Approximately 15 years after the idea was first floated and six years after efforts began in earnest, Arlington County Board members on July 20 approved the final procedural step before formal opening of the John Robinson Jr. Town Square in the Green Valley neighborhood of South Arlington.
“How long, long overdue it is,” said County Board member Takis Karantonis, who joined his four board colleagues in approving the use permit for the park, which is expected to formally open in September.
That last step was not without some hiccups, as the Green Valley Civic Association raised several concerns, including the times of operation and whether those wishing to offer pop-up classes and other programs would need county-government permission before doing so.
Many of those specifics remain a work in progress, to be ironed out once the facility becomes open to the public.
“I’m hoping it really will be a valuable asset,” County Board member Libby Garvey said.
That, too, was the hope of Kimberly Roberts, a native of what during Virginia’s segregation era had been one of the few communities in Arlington where African-Americans could live.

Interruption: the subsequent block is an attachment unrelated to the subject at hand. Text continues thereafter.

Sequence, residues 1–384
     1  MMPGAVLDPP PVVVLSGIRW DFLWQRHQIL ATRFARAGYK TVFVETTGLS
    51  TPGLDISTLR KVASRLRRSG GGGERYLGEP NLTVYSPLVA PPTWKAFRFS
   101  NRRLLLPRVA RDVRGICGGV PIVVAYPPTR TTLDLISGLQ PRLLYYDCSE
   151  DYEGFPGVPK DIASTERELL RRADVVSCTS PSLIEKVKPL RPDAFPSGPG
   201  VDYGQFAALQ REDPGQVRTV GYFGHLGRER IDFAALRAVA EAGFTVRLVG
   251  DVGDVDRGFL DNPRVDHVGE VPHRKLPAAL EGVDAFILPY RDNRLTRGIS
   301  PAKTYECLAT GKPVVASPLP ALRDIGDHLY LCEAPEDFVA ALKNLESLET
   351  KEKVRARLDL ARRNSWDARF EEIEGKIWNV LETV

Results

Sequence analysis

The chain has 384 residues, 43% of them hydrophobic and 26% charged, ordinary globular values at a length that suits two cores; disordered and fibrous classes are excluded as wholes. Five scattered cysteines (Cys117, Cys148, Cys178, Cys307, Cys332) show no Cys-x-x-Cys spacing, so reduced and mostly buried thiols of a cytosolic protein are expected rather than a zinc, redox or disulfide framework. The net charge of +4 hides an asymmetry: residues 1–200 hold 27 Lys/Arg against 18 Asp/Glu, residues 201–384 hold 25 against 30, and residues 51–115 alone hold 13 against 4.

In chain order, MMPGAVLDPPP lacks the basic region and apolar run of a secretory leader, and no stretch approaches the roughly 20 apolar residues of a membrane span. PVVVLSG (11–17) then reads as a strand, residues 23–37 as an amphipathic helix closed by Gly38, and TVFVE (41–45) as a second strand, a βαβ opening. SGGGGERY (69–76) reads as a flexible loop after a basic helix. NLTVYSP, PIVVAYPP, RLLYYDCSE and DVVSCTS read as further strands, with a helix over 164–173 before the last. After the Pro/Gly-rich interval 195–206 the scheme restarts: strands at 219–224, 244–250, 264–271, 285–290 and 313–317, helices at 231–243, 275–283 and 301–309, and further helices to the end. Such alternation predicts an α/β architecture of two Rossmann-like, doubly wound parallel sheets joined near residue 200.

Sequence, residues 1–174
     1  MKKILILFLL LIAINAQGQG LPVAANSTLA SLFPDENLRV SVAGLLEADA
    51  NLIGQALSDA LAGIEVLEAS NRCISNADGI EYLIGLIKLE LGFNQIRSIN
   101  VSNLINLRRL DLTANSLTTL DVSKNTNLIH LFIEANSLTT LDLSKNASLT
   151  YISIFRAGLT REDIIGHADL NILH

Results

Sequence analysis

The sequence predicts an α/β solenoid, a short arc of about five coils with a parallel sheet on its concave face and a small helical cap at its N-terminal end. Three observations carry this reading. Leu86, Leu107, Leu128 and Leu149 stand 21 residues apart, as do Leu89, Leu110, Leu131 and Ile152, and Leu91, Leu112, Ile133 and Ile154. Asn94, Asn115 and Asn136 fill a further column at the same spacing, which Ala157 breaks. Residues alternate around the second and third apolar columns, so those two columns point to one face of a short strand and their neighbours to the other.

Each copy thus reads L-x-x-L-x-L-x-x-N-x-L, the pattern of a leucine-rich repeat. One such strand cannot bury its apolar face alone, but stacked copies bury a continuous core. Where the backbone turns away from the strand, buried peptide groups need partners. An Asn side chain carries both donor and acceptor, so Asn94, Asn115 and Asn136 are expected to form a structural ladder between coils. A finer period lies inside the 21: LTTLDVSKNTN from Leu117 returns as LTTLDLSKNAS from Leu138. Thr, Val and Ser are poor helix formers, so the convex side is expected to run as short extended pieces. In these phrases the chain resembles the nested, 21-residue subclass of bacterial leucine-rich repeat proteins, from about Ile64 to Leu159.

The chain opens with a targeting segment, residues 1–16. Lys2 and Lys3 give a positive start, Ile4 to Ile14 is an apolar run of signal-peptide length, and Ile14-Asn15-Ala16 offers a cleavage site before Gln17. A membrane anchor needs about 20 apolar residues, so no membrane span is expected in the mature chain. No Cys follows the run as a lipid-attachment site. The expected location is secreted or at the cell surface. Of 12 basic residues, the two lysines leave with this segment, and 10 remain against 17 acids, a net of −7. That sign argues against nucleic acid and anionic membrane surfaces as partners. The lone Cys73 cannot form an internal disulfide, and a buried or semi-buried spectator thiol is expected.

The site, Roberts said, would hopefully serve as “an active, safe space we can all be proud of.”
“This area needs to be looked at differently than just another park or open space,” she told County Board members. “We need to ensure newcomers in the county, and those who have been here for decades, like me, continue to feel welcomed and embraced.”
The parcel on which the town square is located long has been an ad-hoc gathering space for some in the Green Valley community. In 2006, the process to develop it into a more formal park space began, though it wasn’t until 2015 that the formal development effort began. That project was slowed by COVID, but is now in the home stretch.
The town square is located where 24th Street South, South Kenmore Street and South Shirlington Road come together, and is named in honor of John Robinson Jr., who died in 2010 at 75 and long was involved in the Green Valley (previously known as Nauck) community.
As head of the Martin Luther King Community Center and publisher of the Green Valley News, Robinson was a fixture in the community during turbulent times.
A mural of Robinson by artist Romeo Taylor now can be found close to the town-square construction site, next to one of another community stalwart, Leonard “Doc” Muse, longtime proprietor of the Green Valley Pharmacy.
Much of the funding for the town-square project, which included acquisition of a nearby parcel to fill out the site, came from a park-bond referendum approved by county voters. Now, the effort is almost complete.
“It has the potential to transform the neighborhood in a very positive way,” Roberts said.